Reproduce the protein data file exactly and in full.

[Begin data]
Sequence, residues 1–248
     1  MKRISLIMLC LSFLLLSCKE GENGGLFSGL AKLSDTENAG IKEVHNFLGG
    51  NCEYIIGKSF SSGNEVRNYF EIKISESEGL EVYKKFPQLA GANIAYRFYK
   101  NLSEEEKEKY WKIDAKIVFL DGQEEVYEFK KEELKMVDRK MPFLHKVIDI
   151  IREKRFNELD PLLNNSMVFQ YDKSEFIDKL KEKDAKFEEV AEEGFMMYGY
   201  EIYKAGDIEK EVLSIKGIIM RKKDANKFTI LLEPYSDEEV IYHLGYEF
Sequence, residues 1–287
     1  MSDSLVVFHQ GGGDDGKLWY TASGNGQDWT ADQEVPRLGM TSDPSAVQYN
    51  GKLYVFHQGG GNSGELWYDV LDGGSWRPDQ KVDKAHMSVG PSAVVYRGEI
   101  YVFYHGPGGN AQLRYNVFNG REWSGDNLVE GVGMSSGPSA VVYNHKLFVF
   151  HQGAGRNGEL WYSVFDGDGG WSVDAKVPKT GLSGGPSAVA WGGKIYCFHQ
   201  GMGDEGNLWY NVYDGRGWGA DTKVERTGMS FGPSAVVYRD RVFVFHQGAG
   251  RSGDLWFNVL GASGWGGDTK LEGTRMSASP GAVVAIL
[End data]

Sequence, residues 1–248
     1  MKRISLIMLC LSFLLLSCKE GENGGLFSGL AKLSDTENAG IKEVHNFLGG
    51  NCEYIIGKSF SSGNEVRNYF EIKISESEGL EVYKKFPQLA GANIAYRFYK
   101  NLSEEEKEKY WKIDAKIVFL DGQEEVYEFK KEELKMVDRK MPFLHKVIDI
   151  IREKRFNELD PLLNNSMVFQ YDKSEFIDKL KEKDAKFEEV AEEGFMMYGY
   201  EIYKAGDIEK EVLSIKGIIM RKKDANKFTI LLEPYSDEEV IYHLGYEF
Sequence, residues 1–287
     1  MSDSLVVFHQ GGGDDGKLWY TASGNGQDWT ADQEVPRLGM TSDPSAVQYN
    51  GKLYVFHQGG GNSGELWYDV LDGGSWRPDQ KVDKAHMSVG PSAVVYRGEI
   101  YVFYHGPGGN AQLRYNVFNG REWSGDNLVE GVGMSSGPSA VVYNHKLFVF
   151  HQGAGRNGEL WYSVFDGDGG WSVDAKVPKT GLSGGPSAVA WGGKIYCFHQ
   201  GMGDEGNLWY NVYDGRGWGA DTKVERTGMS FGPSAVVYRD RVFVFHQGAG
   251  RSGDLWFNVL GASGWGGDTK LEGTRMSASP GAVVAIL